There’s No Escape

    Further to last week’s post about congestion pricing in New York City, I’ve been seeking insight and sagacity on the subject. Alas, stories about congestion pricing seem mostly to come in three flavors. There’s the declaring-it-a-success-before-it’s-even-started kind:

    Not just a success, but a “miracle:”

    And one so miraculous that the winners will outnumber the losers, the clouds will part, the angels will sing, the dead will rise, and maladies such as bad skin and halitosis will become things of the past:

    Then there’s the smug people-in-functional-societies-think-New-Yorkers-are-silly-for-worrying-about-it type of coverage:

    For example, unlike New York, apparently in Sweden people don’t steal and they trust their government:

    This could be because their government has earned their trust:

    Whereas New York State government has always been deeply corrupt:

    All of these people could very well be right, though you might think all of this preemptive dick-sucking would at least warrant some skepticism and intelligent criticism of New York’s version of congestion pricing:

    But instead you just get professional bike-hater and aging restaurant critic Steve Cuozzo:

    Who apparently drove between the Upper West Side and Tribeca until seven years ago, which is objectively crazy:

    Steve Cuozzo is the literal face of New York City’s traffic problem:

    Though it’s noteworthy that advocates and cranks alike never seem to want to blame the real culprit, which is ALL THESE FUCKING UBERS AND LYFTS. (Presumably cranks like the convenience, and advocates like the money.)

    You’ve got to hand it to the ride hailing companies, they’ve done a great job of convincing people that traveling by car doesn’t count as traveling by car as long as you use an app to do it and someone else is touching the steering wheel.

    As for me, I’m doing my best to de-congest the city one ride at a time. This is The Empire State Trail:

    From here it will take you all the way to Canada:

    I don’t have that kind of time, but it’s still my regular escape hatch:

    Here I am in escape mode:

    My feet liberated from the shackles of oppression:

    By which I mean toe clips:

    And as much as I enjoy the one-handed downtube shifting of the Cervino, it’s hard to beat the convenience of bar-end shifters:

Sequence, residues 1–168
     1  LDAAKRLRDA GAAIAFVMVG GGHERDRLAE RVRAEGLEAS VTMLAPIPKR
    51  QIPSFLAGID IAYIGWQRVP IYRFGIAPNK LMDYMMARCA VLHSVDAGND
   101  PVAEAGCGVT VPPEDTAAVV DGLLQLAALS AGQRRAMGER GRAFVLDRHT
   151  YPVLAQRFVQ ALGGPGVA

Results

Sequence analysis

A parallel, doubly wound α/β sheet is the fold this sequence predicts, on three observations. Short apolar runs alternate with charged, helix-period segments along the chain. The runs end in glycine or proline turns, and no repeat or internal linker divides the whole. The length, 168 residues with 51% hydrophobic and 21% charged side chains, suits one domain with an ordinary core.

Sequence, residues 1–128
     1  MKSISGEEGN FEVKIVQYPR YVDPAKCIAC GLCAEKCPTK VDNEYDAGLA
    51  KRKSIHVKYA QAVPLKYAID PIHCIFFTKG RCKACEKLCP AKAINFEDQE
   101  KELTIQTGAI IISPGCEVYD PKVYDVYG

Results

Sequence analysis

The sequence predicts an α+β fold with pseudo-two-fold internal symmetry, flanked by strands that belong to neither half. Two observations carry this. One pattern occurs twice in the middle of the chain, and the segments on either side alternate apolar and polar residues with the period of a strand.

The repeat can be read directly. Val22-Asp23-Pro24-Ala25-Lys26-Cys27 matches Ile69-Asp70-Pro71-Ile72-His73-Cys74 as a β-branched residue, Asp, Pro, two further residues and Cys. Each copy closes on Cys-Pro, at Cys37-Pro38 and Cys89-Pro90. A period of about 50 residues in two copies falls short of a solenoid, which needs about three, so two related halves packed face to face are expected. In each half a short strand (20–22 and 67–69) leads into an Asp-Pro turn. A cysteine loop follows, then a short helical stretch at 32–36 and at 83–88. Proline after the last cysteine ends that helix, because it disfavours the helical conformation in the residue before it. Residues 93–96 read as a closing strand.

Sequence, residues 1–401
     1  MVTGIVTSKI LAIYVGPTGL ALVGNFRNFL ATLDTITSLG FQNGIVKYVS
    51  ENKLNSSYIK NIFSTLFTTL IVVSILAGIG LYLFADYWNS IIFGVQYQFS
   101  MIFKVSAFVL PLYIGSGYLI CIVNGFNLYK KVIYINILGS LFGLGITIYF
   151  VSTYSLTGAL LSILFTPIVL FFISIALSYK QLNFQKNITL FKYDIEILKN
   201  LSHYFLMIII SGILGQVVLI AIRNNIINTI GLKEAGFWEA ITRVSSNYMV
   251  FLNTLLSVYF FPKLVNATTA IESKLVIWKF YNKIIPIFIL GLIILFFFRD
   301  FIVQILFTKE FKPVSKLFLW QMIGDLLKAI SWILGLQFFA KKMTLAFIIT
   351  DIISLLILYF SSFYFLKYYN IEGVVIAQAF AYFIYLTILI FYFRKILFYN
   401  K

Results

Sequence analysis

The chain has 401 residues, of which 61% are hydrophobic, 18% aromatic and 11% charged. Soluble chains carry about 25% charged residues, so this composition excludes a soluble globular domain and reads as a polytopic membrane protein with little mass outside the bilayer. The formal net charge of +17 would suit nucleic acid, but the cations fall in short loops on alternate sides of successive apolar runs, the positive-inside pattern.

Though I guess they don’t have any programmable buttons:

    At this point in the evolution of the road bike lever, shifting and braking are becoming afterthoughts:

    So basically the shifter will control your gears, control your brakes, control your GPS, control your lights, open your garage door when you get home… Like the downtube storage compartment, this is yet another sign that it’s effectively over for what I’ll lazily call “regular bikes:”

    I don’t mean this bitterly or cynically, either. It’s just the way it is. What consumer is going to opt out of these features? If you’re “starting from scratch” so to speak with bikes–like you’re fairly young and you’re not invested in like 20 years’ worth of spare parts–why would you choose a bike without a glove compartment or a smart shifter over one that lets you stuff your spare tube* in the downtube and schedule your appointments with the touch of a fingertip?

    *Just kidding:

    I mean who the hell uses tubes anymore?

    But yes, this is the way it’s going to be–and not just because if you lose your downtube cover Trek gets to sell you a replacement:

    Of course I do hope exquisitely timeless mechanical bikes made of metal at least continue to live alongside today’s carbo-tronic marvels:

    Just like people still wear analog watches in the smart watch age, or the deer continues to flourish amid the urban sprawl:

    She’s even got her little fawn with her, isn’t that fucking adorable?

    Incidentally, I see you can now put in your pre-order for the latest Sam Hillborne, which as I understand it is more or less the Homer but with studs for canti or v-brakes:

    No downtube storage, but that’s why the Great Lobster On High created bags.

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